The Hōjō clan (Japanese: 北条氏, Hepburn: Hōjō-shi) was a Japanese samurai family who controlled the hereditary title of shikken (regent) of the Kamakura shogunate between 1203 and 1333. Despite the title, in practice the family wielded actual political power in Japan during this period compared to both the Kamakura shoguns, or the Imperial Court in Kyoto, whose authority was largely symbolic. The Hōjō are known for fostering Zen Buddhism and for leading the successful opposition to the Mongol invasions of Japan. Resentment at Hōjō rule eventually culminated in the overthrow of the clan and the establishment of the Ashikaga shogunate.

The emblem (mon) of the Hōjō clan
Home province
Parent houseTaira clan
FounderHōjō Tokimasa
Final rulerHōjō Takatoki
Founding year12th century
Ruled until1333

History edit

Bloodline edit

The Hōjō are alleged to have been an offshoot of the Taira of the Kanmu branch, originating in Izu Province. They gained power by supporting the defeat of the Taira by intermarrying with and supporting Minamoto no Yoritomo in the Genpei War. The Hōjō usurped power when Yoritomo died eighteen years later.

Rise to power edit

Hōjō Tokimasa helped Minamoto no Yoritomo, a son-in-law, defeat the forces of the Taira to become Japan's first shōgun. Hōjō Masako, Tokimasa's daughter, was married to Yoritomo. After the death of Yoritomo, Tokimasa became shikken (regent) to the child shōgun, thus effectively transferring control of the shogunate to his clan permanently.[1] Consequently the shōguns became puppets and hostages of the Hōjō.

Early events edit

The Imperial court at Kyoto resented the decline in its authority during the Kamakura shogunate, and the clan disliked Emperor Go-Toba. and in 1221 the Jōkyū War broke out between retired Emperor Go-Toba and the second regent Hōjō Yoshitoki. The Hōjō forces easily won the war, and the imperial court was brought under the direct control of the shogunate, while the emperor was exiled "to a remote island off western Japan."[2] The shōgun's constables gained greater civil powers, and the court was obliged to seek the shōgun's approval for all of its actions. Although deprived of political power, the court retained extensive estates in Kyoto.

Several significant administrative achievements were made during the Hōjō regency. In 1225 the third regent Hōjō Yasutoki established the Council of State, providing opportunities for other military lords to exercise judicial and legislative authority at Kamakura. The Hōjō regent presided over the council, which was a successful form of collective leadership. The adoption of Japan's first military code of law—the Goseibai Shikimoku—in 1232 reflected the profound transition from court to militarized society. While legal practices in Kyoto were still based on 500-year-old Confucian principles, the new code was a highly legalistic document that stressed the duties of stewards and constables, provided means for settling land disputes, and established rules governing inheritances. It was clear and concise, stipulated punishments for violators of its conditions, and remained in effect for the next 635 years.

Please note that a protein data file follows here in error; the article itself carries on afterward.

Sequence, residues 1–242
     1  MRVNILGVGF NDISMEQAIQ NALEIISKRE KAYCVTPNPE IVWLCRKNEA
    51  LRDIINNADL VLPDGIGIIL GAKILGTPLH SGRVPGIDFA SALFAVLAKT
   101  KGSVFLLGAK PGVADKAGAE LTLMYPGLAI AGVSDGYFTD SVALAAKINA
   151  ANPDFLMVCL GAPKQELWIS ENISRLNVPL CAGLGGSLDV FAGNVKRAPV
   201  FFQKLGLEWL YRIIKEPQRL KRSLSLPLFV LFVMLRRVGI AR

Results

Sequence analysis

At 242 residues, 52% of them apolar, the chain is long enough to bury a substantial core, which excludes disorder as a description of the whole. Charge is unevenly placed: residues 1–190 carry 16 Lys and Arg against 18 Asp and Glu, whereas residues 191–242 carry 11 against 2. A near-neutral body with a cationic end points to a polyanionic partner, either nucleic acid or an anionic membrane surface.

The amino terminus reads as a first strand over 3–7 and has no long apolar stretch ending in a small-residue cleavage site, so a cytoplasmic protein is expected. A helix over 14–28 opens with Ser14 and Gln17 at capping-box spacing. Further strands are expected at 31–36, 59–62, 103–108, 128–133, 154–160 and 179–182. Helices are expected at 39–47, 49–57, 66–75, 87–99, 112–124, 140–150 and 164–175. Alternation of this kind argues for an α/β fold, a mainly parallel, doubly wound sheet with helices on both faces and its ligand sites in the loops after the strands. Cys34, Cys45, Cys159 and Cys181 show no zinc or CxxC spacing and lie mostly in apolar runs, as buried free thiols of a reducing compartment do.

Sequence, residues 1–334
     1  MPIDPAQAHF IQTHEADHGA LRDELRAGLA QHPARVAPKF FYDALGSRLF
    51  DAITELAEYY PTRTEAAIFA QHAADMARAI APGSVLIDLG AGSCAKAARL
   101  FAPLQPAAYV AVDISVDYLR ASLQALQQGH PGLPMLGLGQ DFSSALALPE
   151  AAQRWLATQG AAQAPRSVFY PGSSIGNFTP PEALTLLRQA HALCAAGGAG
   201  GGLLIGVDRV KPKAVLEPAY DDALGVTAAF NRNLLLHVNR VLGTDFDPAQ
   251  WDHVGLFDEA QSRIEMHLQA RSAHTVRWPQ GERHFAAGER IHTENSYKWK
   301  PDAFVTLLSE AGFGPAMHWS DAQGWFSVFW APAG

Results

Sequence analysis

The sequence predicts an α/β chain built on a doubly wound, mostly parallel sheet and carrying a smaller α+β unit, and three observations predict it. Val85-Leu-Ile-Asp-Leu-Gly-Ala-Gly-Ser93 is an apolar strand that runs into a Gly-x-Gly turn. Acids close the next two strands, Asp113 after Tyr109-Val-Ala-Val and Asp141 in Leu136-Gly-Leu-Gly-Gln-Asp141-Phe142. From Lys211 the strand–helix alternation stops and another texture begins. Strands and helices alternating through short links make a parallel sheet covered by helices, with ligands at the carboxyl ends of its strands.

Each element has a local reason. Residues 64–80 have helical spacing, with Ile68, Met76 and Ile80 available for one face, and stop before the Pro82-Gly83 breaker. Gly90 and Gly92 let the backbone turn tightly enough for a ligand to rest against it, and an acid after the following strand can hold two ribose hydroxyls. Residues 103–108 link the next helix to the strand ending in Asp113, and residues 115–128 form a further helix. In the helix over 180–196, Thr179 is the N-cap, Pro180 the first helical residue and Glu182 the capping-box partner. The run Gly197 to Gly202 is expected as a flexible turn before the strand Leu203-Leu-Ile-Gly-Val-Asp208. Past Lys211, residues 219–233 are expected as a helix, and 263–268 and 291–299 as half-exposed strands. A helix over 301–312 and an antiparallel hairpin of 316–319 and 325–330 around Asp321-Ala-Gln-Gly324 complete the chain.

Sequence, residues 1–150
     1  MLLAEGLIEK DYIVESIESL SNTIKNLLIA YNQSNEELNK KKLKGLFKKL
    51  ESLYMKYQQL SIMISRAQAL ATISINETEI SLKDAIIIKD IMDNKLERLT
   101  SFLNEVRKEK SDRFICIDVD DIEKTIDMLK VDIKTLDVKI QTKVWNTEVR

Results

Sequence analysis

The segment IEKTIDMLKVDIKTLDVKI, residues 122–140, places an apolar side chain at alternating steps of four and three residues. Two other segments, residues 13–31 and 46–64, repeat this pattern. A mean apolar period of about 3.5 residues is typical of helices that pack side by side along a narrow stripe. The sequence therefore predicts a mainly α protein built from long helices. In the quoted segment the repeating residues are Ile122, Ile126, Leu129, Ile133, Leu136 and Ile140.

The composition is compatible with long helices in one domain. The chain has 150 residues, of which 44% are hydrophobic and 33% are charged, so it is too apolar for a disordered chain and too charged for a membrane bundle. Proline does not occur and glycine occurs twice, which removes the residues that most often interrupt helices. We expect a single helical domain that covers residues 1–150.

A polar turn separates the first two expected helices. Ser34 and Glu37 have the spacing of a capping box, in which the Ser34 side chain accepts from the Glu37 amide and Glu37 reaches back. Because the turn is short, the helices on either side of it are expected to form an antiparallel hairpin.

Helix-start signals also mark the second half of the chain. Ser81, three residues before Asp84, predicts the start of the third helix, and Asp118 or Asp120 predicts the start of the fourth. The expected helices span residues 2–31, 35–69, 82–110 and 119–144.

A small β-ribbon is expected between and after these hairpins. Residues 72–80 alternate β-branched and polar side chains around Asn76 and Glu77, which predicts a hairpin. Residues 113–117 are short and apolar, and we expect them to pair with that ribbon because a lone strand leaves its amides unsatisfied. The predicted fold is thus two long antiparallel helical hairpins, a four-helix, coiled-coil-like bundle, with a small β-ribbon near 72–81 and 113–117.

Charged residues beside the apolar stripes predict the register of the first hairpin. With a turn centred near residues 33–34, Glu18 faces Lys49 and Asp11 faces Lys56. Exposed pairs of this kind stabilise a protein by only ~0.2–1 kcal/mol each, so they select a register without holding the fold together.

As might be expected, the literature of the time reflected the unsettled nature of the period. The Hōjōki describes the turmoil of the period in terms of the Buddhist concepts of impermanence and the vanity of human projects. The Heike monogatari narrated the rise and fall of the Taira, replete with tales of wars and samurai deeds. A second literary mainstream was the continuation of anthologies of poetry in the Shin Kokin Wakashū, of which twenty volumes were produced between 1201 and 1205.

List of Hōjō Shikken edit

  1. Hōjō Tokimasa (1138–1215) (r. 1203–1205)
  2. Hōjō Yoshitoki (1163–1224) (r. 1205–1224)
  3. Hōjō Yasutoki (1183–1242) (r. 1224–1242)
  4. Hōjō Tsunetoki (1224–1246) (r. 1242–1246)
  5. Hōjō Tokiyori (1227–1263) (r. 1246–1256)
  6. Hōjō Nagatoki (1229–1264) (r. 1256–1264)
  7. Hōjō Masamura (1205–1273) (r. 1264–1268)
  8. Hōjō Tokimune (1251–1284) (r. 1268–1284)
  9. Hōjō Sadatoki (1271–1311) (r. 1284–1301)
  10. Hōjō Morotoki (1275–1311) (r. 1301–1311)
  11. Hōjō Munenobu (1259–1312) (r. 1311–1312)
  12. Hōjō Hirotoki (1279–1315) (r. 1312–1315)
  13. Hōjō Mototoki (1286-1333) (r. 1315)
  14. Hōjō Takatoki (1303–1333) (r. 1316–1326)
  15. Hōjō Sadaaki (1278–1333) (r. 1326)
  16. Hōjō Moritoki (1295-1333) (r. 1327–1333)
  17. Hōjō Sadayuki (1302-1333) (r.1333)

Aside from the regents above, those who played an important role among the Hōjō clan are:

References in media edit

See also edit

References edit

  1. ^ Harrison, John A. "Hōjō family". Encyclopædia Britannica. Retrieved 20 May 2016.
  2. ^ Allen, Tony; Grant, R. G.; Parker, Philip; Celtel, Kay; Kramer, Ann; Weeks, Marcus (June 2022). Timelines of World History (First American ed.). New York: DK. p. 177. ISBN 978-0-7440-5627-3.
  3. ^ "Civilization 6's civilizations, leaders and their unique abilities". PCGamesN. July 27, 2016. Retrieved July 28, 2016.